“One of the stylists who rents a chair from me contacted me Sunday night,” Kious said.

A screengrab of the text message she received from one of her stylists, and obtained by Fox News, said: “I’ll be there at 2:45 tomorrow.

Pelosi assistant just messaged me to do her hair.”

Kious replied: “Pelosi?”

“I was like, are you kidding me right now? Do I let this happen? What do I do?”

Kious told Fox News, while noting that she “can’t control” what her stylists do if they rent chairs from her, as “they’re not paying” at this time.

Kious cast Pelosi’s visit as a double standard.

“It was a slap in the face that she went in, you know, that she feels that she can just go and get her stuff done while no one else can go in, and I can’t work,”

Kious told Fox News, adding that she “can’t believe” the speaker didn’t have a mask on. (From the footage, it appears Pelosi had some kind of covering around her neck.)

“We’re supposed to look up to this woman, right?” Kious said. “It is just disturbing.”

Asked for comment, Pelosi spokesman Drew Hammill maintained that the speaker was following the rules.

“The speaker always wears a mask and complies with local COVID requirements,” he said.

But the owner pushed back……..






Heroin’s Hidden Ingredient Is a Chemical Made by U.S. Companies

A $324 jug of acetic anhydride, made in Mexico by a publicly traded American company, is enough to produce 90,000 hits of high-grade “China white.” The cartels are getting as much as they want, and also using it to cook meth.

Making their way down a narrow country road in the Mexican state of Sinaloa one morning in May 2019,

Members of a counter-narcotics squad were struck by a strong chemical smell.

They pulled over, and a small reconnaissance team climbed out of their vehicles, then stalked down a trail.

Behind a thicket of trees, tucked in a clearing, they found an open-air drug factory—not a huge surprise in Sinaloa,

The capital of the global narcotics empire built by Joaquín “El Chapo” Guzmán.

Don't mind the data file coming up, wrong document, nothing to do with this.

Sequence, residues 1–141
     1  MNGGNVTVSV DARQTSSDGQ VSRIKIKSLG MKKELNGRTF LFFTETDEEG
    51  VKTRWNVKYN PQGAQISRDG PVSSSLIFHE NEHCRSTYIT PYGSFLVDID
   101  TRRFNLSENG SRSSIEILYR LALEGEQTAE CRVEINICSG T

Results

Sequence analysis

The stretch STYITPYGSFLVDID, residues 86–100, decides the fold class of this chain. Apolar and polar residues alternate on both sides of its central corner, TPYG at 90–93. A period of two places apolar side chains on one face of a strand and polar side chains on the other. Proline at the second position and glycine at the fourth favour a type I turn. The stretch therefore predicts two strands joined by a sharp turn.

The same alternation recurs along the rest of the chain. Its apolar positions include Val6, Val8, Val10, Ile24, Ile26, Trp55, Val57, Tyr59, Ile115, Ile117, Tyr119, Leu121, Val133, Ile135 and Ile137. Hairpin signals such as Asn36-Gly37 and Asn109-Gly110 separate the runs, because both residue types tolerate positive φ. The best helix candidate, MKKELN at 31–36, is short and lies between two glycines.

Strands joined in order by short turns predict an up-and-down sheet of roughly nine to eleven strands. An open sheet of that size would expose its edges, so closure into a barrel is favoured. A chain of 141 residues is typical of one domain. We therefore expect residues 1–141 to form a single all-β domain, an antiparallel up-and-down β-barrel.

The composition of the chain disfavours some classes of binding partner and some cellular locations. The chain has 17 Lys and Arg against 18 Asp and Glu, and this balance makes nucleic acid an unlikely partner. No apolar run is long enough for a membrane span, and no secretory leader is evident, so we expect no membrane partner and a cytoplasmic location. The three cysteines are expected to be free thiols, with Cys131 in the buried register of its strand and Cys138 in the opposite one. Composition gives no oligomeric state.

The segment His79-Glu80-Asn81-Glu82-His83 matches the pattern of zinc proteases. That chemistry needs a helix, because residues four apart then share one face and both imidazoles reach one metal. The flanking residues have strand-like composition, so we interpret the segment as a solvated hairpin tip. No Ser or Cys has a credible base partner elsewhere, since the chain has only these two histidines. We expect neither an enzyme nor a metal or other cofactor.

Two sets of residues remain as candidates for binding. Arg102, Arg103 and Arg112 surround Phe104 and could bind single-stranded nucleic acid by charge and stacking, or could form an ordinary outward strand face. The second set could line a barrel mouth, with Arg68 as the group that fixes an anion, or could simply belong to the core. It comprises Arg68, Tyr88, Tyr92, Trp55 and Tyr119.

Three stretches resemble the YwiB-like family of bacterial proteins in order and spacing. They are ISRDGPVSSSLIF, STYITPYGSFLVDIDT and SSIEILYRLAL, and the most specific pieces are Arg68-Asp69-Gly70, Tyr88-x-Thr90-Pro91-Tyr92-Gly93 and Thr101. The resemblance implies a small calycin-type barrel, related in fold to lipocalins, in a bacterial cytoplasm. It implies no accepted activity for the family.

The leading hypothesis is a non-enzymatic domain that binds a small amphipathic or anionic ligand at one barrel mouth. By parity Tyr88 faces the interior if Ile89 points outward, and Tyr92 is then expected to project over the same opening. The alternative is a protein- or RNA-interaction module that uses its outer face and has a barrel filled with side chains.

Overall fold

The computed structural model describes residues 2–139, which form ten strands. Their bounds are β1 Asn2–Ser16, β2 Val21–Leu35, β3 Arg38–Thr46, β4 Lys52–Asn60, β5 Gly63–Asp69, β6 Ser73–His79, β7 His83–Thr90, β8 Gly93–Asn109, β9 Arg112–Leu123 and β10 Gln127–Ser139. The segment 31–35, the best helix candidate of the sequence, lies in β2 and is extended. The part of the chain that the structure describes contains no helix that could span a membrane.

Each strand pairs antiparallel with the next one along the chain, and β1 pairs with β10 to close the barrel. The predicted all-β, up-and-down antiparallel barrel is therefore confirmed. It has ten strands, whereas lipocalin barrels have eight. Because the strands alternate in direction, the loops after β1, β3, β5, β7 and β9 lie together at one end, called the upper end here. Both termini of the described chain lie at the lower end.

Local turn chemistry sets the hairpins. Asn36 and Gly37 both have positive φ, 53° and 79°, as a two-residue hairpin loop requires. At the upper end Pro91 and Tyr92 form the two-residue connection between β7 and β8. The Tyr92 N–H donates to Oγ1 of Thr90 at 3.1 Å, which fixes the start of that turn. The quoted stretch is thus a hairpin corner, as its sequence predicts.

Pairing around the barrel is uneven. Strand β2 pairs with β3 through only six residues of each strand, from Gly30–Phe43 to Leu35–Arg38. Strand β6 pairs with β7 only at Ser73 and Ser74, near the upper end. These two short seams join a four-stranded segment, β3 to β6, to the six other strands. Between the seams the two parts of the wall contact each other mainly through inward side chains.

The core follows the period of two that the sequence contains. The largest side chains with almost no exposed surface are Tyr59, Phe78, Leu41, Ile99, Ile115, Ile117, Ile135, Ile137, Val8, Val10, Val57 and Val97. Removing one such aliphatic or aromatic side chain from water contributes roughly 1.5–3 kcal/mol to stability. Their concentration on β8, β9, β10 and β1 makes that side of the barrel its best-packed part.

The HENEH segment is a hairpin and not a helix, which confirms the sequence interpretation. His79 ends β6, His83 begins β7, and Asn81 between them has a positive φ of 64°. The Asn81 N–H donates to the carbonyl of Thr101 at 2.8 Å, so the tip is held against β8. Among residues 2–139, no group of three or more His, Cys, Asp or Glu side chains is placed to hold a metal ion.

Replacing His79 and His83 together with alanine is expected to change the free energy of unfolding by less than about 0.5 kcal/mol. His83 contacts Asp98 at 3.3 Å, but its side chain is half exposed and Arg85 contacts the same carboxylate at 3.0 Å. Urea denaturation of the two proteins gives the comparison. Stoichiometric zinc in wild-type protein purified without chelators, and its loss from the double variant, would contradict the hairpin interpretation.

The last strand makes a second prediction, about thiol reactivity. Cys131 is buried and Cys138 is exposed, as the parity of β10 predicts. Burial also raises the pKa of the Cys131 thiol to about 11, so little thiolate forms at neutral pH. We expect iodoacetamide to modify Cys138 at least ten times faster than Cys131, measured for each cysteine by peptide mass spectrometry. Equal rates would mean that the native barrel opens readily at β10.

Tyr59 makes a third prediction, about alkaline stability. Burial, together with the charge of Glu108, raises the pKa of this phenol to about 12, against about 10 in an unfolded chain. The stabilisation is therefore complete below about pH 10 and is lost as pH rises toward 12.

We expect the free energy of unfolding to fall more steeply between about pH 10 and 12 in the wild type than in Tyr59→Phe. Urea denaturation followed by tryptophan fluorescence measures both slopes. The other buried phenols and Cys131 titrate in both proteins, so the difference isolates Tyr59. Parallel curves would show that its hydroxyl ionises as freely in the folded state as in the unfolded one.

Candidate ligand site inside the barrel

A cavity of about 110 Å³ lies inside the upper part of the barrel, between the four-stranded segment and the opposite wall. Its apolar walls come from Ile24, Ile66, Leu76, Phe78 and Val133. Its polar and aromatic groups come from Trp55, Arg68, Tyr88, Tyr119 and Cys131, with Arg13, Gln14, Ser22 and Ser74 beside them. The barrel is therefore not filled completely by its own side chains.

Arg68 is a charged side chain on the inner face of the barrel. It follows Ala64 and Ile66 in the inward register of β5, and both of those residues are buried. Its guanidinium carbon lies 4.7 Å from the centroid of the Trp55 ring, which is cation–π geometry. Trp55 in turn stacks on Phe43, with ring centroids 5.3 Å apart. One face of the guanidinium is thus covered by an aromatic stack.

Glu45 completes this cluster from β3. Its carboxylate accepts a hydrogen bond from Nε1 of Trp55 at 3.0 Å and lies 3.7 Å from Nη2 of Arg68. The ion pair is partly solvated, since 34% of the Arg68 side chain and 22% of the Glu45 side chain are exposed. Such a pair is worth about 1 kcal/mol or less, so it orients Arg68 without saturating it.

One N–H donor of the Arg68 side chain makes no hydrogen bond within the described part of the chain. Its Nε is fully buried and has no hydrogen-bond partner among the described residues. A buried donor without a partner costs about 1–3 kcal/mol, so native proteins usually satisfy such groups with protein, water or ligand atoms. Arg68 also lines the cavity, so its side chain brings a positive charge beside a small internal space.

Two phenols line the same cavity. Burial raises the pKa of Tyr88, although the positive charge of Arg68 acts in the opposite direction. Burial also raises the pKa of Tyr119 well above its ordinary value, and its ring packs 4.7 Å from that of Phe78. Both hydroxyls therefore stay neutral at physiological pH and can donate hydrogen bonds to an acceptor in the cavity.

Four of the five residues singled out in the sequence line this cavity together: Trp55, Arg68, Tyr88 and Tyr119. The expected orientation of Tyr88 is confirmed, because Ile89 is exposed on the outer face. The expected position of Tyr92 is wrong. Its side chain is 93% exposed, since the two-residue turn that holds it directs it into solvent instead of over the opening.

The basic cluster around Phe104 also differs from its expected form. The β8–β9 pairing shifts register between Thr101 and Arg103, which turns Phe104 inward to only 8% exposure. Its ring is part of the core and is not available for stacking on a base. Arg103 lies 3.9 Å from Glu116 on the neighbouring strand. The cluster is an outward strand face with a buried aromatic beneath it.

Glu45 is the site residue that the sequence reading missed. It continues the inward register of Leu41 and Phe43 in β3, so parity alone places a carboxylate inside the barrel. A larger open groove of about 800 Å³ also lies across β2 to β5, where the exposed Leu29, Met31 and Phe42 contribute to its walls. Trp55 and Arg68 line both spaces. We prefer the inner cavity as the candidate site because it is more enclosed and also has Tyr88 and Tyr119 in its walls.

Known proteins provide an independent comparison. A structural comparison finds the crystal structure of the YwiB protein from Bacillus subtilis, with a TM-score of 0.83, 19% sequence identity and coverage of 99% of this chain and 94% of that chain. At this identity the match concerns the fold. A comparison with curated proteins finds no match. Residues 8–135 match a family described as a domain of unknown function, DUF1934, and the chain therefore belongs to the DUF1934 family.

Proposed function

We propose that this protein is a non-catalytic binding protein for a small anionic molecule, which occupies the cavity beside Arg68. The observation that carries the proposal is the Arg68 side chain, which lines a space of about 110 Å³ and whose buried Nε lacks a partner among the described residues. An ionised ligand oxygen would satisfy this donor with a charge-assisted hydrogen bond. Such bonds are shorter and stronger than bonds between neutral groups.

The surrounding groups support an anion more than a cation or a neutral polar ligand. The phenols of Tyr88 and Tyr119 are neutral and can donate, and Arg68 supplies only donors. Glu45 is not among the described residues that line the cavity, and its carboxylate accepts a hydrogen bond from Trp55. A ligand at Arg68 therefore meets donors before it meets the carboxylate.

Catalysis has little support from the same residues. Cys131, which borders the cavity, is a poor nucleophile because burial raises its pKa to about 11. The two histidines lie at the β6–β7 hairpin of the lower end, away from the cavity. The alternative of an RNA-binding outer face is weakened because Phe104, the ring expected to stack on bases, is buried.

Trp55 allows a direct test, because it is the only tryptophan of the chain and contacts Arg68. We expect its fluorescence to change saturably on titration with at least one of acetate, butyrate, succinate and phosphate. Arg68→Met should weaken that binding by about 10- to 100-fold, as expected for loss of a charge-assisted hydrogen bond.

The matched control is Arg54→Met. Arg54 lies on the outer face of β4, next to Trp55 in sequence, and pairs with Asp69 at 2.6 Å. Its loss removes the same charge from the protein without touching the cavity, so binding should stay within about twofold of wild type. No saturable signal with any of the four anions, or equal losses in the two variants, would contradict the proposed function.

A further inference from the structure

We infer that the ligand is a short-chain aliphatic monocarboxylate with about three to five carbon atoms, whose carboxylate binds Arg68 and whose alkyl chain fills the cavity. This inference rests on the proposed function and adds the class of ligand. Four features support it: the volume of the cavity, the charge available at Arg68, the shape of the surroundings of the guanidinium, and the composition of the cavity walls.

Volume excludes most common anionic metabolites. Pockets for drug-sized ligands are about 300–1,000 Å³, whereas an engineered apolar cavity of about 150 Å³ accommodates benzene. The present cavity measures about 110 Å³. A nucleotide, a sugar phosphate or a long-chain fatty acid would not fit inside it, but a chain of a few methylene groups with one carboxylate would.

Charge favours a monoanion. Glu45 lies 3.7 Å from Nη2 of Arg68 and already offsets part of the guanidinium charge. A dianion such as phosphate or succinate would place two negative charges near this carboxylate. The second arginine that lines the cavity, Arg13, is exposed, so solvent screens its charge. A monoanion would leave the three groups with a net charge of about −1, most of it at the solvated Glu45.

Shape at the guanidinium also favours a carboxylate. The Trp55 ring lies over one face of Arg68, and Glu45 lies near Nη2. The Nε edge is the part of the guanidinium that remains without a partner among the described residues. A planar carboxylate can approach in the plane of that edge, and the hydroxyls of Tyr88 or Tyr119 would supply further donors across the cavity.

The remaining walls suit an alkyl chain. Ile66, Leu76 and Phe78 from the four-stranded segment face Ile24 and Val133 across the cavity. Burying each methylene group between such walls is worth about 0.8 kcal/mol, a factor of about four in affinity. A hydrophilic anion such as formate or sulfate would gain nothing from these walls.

Five cauldrons for cooking heroin stood exposed to the sky, flaked with rust.

In the camp’s makeshift living quarters, bags of tortilla chips and a cooler of unopened Pepsis suggested the cooks had left in haste.

The soldiers discovered the source of the smell: acetic anhydride, a clear liquid that reeks like vinegar.

Except for the sap drained from opium flowers, it’s the only thing truly required to make heroin,

And it doesn’t take much of the stuff to do the job. Soldiers found some inside four 18-liter jugs that,

When full, could have produced 80 pounds of high-quality “China white,” with a street value in the U.S. of at least $3.6 million.

Acetic anhydride has legal uses in laboratories and factories—the most common use is in the production of cigarette filters.

But under international drug laws it’s one of the most strictly controlled “precursor and essential chemicals” for the production of illegal narcotics.

For 30 years the U.S. government has aggressively pushed almost every nation in the world to sign on to global treaties,

And pass domestic laws to keep potential drugmaking chemicals away from narcotics syndicates.

Acetic anhydride was placed in the highest category of control in 2001.

Yet the acetic anhydride seized that morning in Sinaloa was bottled, branded,

And sold in Mexico by a $12.3 billion publicly traded U.S. company, Avantor Inc.


Police photos from a May 2019 bust of an open-air drug lab in Sinaloa state.

During the decade-long U.S. heroin epidemic, Avantor has cultivated a remarkable line of business:

Selling acetic anhydride across Mexico in containers that are big enough to make lucrative quantities of illegal narcotics,

But small enough to load into the trunk of a car.

Sales come via a network of distributors, online sellers, and stores spread across the country.

Without the right chemicals, it’s impossible for cartels to make two drugs that are plaguing America:

Heroin and methamphetamine.